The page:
1. Thanks for the kind words, Laurence. Yes, all of these photos are from the recent journey, which in itself I found fascinating while putting them together. It’s easy to forget how wonderfully diverse the British landscape can be in such a small area. The images brought back to me how varied how days were, how specific the paths were in relation to the topography. But like you, I’m always on the lookout for those modest paths as well, the ones that serve a more common purpose and place. I can just imagine the one you describe by the ruined church, the sound of footalls at dusk still there after centuries.

      Best wishes,

  13. I remember another breast-cancer survivor talking to us at a Reach for Recovery meeting. We don’t have to find the way. Our path is not so difficult, others have been this way before, made a path for us, and we follow in their footsteps. And as we follow, we in turn clear the path for those who follow us.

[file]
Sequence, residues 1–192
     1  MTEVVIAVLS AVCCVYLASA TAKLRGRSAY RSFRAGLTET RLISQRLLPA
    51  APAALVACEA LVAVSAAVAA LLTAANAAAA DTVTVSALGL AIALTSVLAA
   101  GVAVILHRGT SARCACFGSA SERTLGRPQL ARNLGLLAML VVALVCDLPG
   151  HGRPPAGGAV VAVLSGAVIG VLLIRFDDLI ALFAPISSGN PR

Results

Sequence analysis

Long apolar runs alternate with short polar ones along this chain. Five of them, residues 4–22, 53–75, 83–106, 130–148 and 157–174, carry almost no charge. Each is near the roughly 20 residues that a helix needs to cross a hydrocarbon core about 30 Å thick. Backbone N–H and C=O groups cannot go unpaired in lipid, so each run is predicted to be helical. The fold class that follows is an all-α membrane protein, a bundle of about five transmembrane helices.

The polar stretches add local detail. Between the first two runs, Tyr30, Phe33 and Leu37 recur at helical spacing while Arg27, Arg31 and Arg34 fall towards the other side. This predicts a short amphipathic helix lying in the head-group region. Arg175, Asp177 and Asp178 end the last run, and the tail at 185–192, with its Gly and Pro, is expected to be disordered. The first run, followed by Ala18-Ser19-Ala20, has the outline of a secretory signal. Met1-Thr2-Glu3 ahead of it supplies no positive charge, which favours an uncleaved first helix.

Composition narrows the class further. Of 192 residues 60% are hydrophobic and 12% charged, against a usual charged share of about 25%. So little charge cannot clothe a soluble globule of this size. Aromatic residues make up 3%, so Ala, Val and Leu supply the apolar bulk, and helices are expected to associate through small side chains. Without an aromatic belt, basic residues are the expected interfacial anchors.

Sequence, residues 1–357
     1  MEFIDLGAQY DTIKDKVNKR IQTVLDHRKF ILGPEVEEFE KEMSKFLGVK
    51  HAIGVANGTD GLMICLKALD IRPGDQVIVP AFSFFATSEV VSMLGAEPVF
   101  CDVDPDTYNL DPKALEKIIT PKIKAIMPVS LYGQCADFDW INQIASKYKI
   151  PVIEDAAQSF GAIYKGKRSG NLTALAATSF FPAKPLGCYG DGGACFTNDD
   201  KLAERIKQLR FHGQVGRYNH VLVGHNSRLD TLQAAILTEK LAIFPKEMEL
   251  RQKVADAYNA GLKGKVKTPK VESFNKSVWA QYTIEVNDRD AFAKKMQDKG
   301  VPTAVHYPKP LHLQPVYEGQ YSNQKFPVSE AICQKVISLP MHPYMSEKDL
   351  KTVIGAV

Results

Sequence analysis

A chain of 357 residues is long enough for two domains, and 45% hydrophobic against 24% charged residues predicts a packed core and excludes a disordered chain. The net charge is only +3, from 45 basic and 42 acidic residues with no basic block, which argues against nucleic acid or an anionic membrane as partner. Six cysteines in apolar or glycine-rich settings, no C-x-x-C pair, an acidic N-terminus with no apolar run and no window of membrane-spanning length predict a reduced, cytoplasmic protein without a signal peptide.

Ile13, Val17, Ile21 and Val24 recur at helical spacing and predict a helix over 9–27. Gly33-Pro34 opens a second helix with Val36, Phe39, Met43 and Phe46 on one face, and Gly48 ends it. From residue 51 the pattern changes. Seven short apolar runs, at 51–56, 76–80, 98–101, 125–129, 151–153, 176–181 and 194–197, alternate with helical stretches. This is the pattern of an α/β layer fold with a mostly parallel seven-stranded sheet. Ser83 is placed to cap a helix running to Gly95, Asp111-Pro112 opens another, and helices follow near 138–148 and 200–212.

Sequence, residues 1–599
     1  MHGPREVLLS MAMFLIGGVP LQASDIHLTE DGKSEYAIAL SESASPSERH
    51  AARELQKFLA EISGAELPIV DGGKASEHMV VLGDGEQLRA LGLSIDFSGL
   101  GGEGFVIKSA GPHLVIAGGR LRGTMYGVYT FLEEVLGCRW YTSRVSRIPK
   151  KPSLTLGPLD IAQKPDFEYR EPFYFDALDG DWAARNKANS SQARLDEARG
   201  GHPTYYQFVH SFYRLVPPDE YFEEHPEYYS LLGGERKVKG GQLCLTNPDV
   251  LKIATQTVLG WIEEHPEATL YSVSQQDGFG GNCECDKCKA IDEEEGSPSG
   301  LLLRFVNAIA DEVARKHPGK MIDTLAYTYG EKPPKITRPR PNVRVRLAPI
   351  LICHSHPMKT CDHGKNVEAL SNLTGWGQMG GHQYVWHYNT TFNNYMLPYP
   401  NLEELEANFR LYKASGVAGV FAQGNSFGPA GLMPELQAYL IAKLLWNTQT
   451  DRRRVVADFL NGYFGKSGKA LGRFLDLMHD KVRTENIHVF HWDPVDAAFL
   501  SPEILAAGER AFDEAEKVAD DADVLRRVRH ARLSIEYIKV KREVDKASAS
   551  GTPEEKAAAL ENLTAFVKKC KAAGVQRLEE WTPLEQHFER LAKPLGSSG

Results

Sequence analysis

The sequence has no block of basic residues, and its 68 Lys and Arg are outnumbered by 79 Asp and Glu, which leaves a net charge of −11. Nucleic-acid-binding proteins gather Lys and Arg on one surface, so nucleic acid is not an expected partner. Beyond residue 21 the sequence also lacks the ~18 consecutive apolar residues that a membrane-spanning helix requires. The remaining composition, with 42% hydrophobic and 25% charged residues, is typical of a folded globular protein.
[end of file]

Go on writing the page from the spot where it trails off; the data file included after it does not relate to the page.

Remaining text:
1. Many thanks for this very personal and inspiring addition to the post, Diana. I think you’ve articulated a deep sense of continuity and community, that paths are also places where we’re able to share, regardless of how alone or difficult they may seem. Thanks for this reminder, and hope all is well with you, my friend.

      Best wishes,

  14. I have floated through the path of this post for a second time now and both times I have had difficulty staying on it – not through the writing for sure: that is engrossing and flowing and completely sweeps me away. It is the images and then the comments that take me off into worlds for new exploration. I have listened to Hank Williams, looked up Richard Long and Hamish Fulton and marked ‘Wild’ to read.

    But mostly, while taking in the largest view of each image that will fit on my screen, I have contemplated the stark differences between my world and the one you describe of paths “taking us alongside stone walls still standing after centuries alone and past hedges twined like lover’s arms, or over stile and amber brook”.